“How’s Tuesday work? Or, actually, I guess you’ll wanna bring your husband, right?”
An old friend and I chatted for another two minutes before settling on Tuesday night for a coffee date. I appreciate that she always thinks to ask about Josh, but it’s sort of unnecessary. As much as I love my husband, know what else I love? Getting some time away from him.
My partner’s been an amazing encouragement and help during a week that was unexpectedly rough. Maybe you’ve heard about that chick Sandy who’s stopping off in Philly for a few days? On top of prepping for her visit, there was one hell of a hectic work schedule, and then a mystery illness working its way through our house, all adding up to make a perfect storm (ha!) of stress, exhaustion, and missed deadlines.
Maybe I’m alone in this, but when I’m sick, I’m sort of a bitch. Add to that letting a few folks down (i.e., being forced to admit that I’m not perfect), and I’m absolutely unbearable.
Josh is, as mentioned, awesome at helping me through. But I can safely say he’s really not enough.
I just can’t imagine facing that crap and then dumping it all on one person alone. Using just one person as a sounding board, relying on him alone to lift my spirits, and finding all of my fulfillment in just him? I’d hate to be that guy. And I love my partner too much to ask that of him.
Luckily, there’s way more to my life than just my spouse. I have a terrific community of friends, family, and internet pals around me. I have work to expend my nervous energy, a stack of library books to help me unwind (Why Have Kids just came in, whoop!), and some overripe bananas to make into a comforting pie. There are actually several pieces of my life, other than my relationship with my husband, that add up to make me a happy, healthy lady (even in these unexpected rough spots). And I guess that seems sort of obvious, huh?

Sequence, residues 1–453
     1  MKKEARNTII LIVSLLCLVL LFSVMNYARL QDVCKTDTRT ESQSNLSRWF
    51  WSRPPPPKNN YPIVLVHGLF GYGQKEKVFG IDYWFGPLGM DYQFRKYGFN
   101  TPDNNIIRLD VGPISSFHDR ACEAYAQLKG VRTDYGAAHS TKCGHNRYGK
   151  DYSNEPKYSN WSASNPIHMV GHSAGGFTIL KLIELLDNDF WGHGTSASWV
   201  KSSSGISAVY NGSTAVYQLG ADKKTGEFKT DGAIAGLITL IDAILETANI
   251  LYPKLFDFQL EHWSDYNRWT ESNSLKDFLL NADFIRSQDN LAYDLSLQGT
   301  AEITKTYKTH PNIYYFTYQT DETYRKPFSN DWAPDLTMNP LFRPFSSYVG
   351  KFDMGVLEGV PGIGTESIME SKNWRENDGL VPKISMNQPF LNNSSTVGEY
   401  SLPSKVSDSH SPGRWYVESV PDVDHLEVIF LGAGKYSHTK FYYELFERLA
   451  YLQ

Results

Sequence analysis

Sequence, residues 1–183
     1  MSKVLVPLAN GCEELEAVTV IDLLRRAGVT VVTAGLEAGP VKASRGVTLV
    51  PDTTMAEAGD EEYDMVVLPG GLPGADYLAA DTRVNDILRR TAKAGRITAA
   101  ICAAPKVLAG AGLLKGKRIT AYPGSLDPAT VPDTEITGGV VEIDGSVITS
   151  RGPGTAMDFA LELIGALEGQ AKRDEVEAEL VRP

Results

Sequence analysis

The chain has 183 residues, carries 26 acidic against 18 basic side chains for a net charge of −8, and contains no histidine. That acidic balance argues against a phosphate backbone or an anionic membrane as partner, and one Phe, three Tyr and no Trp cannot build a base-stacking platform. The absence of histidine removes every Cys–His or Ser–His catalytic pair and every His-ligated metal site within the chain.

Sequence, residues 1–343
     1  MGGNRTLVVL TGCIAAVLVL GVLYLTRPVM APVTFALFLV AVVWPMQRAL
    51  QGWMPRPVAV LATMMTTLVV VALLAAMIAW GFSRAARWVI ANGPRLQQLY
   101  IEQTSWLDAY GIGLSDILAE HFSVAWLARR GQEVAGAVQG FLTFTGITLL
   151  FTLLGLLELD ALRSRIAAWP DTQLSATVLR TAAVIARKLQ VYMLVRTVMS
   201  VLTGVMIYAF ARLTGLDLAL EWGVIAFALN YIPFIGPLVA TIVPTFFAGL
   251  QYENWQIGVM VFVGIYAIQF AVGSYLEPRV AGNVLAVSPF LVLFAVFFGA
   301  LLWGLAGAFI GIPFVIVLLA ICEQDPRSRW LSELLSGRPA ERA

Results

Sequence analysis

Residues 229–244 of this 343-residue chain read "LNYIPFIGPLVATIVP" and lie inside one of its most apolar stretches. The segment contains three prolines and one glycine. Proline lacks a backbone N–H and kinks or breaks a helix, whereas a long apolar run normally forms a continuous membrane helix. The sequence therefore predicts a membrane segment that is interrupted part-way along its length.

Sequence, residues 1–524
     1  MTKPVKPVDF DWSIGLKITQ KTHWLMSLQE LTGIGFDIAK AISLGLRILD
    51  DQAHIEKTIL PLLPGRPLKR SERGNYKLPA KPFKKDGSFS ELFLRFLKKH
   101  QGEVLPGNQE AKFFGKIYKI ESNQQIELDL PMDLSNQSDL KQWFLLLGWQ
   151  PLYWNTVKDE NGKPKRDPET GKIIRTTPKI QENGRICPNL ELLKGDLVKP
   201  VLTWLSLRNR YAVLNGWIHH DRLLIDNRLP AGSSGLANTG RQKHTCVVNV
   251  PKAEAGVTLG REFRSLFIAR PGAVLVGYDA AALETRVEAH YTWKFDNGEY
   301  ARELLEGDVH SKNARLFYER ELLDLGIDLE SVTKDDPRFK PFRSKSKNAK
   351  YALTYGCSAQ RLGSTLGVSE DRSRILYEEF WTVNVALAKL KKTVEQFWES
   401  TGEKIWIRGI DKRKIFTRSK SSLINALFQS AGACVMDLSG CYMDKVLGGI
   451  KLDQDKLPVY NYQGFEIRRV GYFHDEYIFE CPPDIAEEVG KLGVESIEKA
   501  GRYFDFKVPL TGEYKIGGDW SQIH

But it’s really not. When I think about the garbage we’re fed by romantic comedies, trashy TV, and Twilight (that stuff about “love conquering all,” and making someone your “everything”), valuing life outside of your romantic relationship is almost counter-cultural. Instead, making someone fall in love with you (and then keeping them interested) is exaggerated into the ultimate goal. More importantly, it becomes the only goal. When that happens, marriage becomes the determination of your worth as a person, and requires all of your focus and energy, leaving little for anything else. This doesn’t just damage married folks who are limited by expectations to have no other interest or outlet, but also single folks who are devalued as a result. Meanwhile, outside pursuits are neglected in favor of your relationship because, hey, nothing else matters as long as your marriage is great.
If my marriage were my everything (and as a result, my only thing) of course it would be hard. Of course it would take all of my focus. And of course I’d be completely dissatisfied with it, because, honestly what an unrealistic expectation. If my husband is “my rock,” what do I do when my husband’s a total dick? Assume that I failed at my singular purpose in life, I guess. (And couldn’t you say the same for everything? I could wrap my life around my kid or my career or my blog, and it would still be a whole lot of pressure for just one facet of my life). Putting my marriage under that same kind of pressure is not just bad for me, it’s bad for my husband and it’s bad for our partnership.
So I’m just glad it’s not that way. I’m happy to have friends to turn to when I need someone to agree that Walking Dead is stupid or to gossip with interest about Jessica Biel’s wedding dress. It only makes sense that a multifaceted person would require a multifaceted life. And really, my husband is just not enough.
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